Autism Diagnosis Limitations
The problem with autism diagnosis is neural pathways critical to developing language and social functions form during infancy, health experts say. By waiting until a child is a toddler, or later, to diagnose the condition, the age when therapy would be most effective may be bypassed completely.
The new hair strand test, if confirmed, would allow doctors to diagnose ASD much earlier and potentially provide necessary intervention and therapy at a much younger age. This could help children with autism bridge the gap between missed developmental milestones.
The findings are preliminary, and the sample size used to test the method is small. But the company has raised $16 million in venture capital investment and is working to launch a larger study including roughly 2,000 samples.
Researchers hope the test will be used by doctors in conjunction with other diagnostic methods focusing on developmental milestones to help more accurately diagnosis children with autism at a much earlier age.
The researchers also hope to apply the hair analysis test to other health conditions known to be impacted by environmental factors, including some cancers and Lou Gehrig’s disease or ALS.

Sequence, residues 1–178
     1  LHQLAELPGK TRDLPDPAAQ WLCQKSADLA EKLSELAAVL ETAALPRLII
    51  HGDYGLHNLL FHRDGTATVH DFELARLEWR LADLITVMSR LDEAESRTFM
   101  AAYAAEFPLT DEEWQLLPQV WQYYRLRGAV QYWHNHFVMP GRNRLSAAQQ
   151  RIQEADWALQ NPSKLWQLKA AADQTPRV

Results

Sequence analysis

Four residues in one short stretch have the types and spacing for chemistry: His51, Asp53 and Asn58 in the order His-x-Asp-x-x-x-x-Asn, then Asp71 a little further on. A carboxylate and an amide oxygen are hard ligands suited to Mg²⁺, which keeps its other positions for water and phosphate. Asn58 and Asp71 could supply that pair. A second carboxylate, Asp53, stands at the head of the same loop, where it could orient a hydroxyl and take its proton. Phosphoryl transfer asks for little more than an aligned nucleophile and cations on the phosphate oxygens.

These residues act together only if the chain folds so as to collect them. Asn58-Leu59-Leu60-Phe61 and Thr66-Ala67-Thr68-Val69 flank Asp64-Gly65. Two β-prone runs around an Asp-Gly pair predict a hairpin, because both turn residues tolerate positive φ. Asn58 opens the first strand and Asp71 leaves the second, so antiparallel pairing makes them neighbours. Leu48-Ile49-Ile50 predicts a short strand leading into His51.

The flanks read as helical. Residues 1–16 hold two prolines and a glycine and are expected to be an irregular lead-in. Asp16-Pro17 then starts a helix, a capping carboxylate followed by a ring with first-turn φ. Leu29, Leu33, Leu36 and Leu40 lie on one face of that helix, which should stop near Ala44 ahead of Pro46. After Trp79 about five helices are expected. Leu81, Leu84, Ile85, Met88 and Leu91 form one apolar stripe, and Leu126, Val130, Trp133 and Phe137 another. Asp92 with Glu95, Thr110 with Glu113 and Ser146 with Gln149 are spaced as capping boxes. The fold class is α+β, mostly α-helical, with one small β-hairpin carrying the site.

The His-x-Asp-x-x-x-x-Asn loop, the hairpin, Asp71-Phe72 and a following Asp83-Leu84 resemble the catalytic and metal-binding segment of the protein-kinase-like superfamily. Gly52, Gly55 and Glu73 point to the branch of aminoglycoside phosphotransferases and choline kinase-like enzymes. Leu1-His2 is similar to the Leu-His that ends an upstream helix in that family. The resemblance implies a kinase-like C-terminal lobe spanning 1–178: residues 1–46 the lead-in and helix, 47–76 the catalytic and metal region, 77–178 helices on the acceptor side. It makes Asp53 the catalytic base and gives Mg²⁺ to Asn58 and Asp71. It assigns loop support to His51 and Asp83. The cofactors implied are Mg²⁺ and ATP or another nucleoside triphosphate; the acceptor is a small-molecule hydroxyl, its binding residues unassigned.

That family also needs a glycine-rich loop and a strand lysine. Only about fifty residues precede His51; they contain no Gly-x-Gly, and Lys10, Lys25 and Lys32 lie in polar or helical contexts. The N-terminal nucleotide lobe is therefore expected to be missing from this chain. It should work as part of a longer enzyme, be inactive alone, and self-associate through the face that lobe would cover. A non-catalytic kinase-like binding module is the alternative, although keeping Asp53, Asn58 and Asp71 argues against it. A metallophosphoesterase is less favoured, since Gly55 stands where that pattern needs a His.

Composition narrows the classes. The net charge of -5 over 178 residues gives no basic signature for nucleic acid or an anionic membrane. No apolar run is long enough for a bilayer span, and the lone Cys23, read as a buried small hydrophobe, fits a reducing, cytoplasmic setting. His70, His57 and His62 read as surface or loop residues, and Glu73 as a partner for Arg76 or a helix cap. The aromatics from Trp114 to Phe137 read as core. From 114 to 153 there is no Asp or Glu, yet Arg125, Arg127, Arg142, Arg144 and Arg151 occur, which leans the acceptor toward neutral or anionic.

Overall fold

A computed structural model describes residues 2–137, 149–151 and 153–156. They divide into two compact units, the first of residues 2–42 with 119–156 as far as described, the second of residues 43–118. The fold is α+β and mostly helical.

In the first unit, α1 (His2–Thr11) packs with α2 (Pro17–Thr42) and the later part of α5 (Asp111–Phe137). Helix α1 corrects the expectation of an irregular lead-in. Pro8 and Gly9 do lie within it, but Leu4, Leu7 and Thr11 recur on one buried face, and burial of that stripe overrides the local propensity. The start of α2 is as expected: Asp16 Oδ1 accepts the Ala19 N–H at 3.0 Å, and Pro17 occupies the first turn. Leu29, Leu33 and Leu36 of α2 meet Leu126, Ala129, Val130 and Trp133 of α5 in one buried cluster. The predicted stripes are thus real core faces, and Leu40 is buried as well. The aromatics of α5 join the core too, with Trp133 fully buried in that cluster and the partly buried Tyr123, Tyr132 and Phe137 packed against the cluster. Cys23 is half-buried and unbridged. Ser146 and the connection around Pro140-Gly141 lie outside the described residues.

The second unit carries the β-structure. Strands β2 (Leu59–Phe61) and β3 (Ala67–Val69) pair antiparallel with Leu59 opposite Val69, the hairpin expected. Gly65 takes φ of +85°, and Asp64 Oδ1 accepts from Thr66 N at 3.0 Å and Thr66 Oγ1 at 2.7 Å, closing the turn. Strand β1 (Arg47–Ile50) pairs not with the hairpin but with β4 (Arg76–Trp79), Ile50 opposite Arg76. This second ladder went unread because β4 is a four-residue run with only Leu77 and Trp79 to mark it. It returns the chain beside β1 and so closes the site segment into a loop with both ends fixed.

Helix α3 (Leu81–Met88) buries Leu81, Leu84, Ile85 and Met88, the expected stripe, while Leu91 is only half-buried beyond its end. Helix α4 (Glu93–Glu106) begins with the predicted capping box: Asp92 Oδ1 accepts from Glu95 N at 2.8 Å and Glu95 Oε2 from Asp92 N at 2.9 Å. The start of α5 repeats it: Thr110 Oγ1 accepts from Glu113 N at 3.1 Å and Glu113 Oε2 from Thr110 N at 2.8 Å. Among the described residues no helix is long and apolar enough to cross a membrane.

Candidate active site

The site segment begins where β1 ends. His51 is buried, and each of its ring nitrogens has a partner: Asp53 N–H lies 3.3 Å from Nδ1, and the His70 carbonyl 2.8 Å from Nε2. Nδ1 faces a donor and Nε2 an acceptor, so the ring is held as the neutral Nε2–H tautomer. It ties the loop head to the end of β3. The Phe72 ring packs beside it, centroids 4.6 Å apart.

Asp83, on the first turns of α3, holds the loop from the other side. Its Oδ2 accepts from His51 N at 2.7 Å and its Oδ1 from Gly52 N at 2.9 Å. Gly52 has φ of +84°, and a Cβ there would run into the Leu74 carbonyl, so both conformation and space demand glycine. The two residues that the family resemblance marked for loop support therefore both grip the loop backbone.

Tylenol and Toxic Baby Food Autism Risks
If the test is verified to work, it could lead to early diagnosis and treatment of autism before symptoms begin to show. Studies have shown that children with autism tend to adjust better to the condition the earlier it is diagnosed.
The findings come as research links autism risks to more and more external factors, such as drugs and exposures to toxic substances.
In recent months, a growing number of lawsuits have been filed claiming Tylenol caused autism or ADHD in children. Most of the current complaints involve claims against retailers like Walmart, CVS, Walgreens, Costco and other companies, who sold their own brands of acetaminophen drugs over the past two decades without pregnancy warnings. However, it is widely expected that the litigation will include several thousand Tylenol autism lawsuits which will be brought against Johnson & Johnson for it’s role in causing the widespread use of acetaminophen during pregnancy.
There are also concerns over high levels of toxic metals in baby food, which could cause autism and other developmental disorders.
Concerns over high levels of lead, mercury, cadmium and arsenic in baby food first emerged in February 2021, when the U.S. House Oversight Committee published the results of data turned over by Beech-Nut, Gerber, Hain and Nurture, Inc., about the levels of toxic metals in their baby food products, and the ingredients used to create them.
Since the congressional subcommittee report, a growing number of toxic baby food lawsuits have been filed by familie nationwide, alleging that the heavy metals in baby food caused their children to develop autism and/or severe ADHD.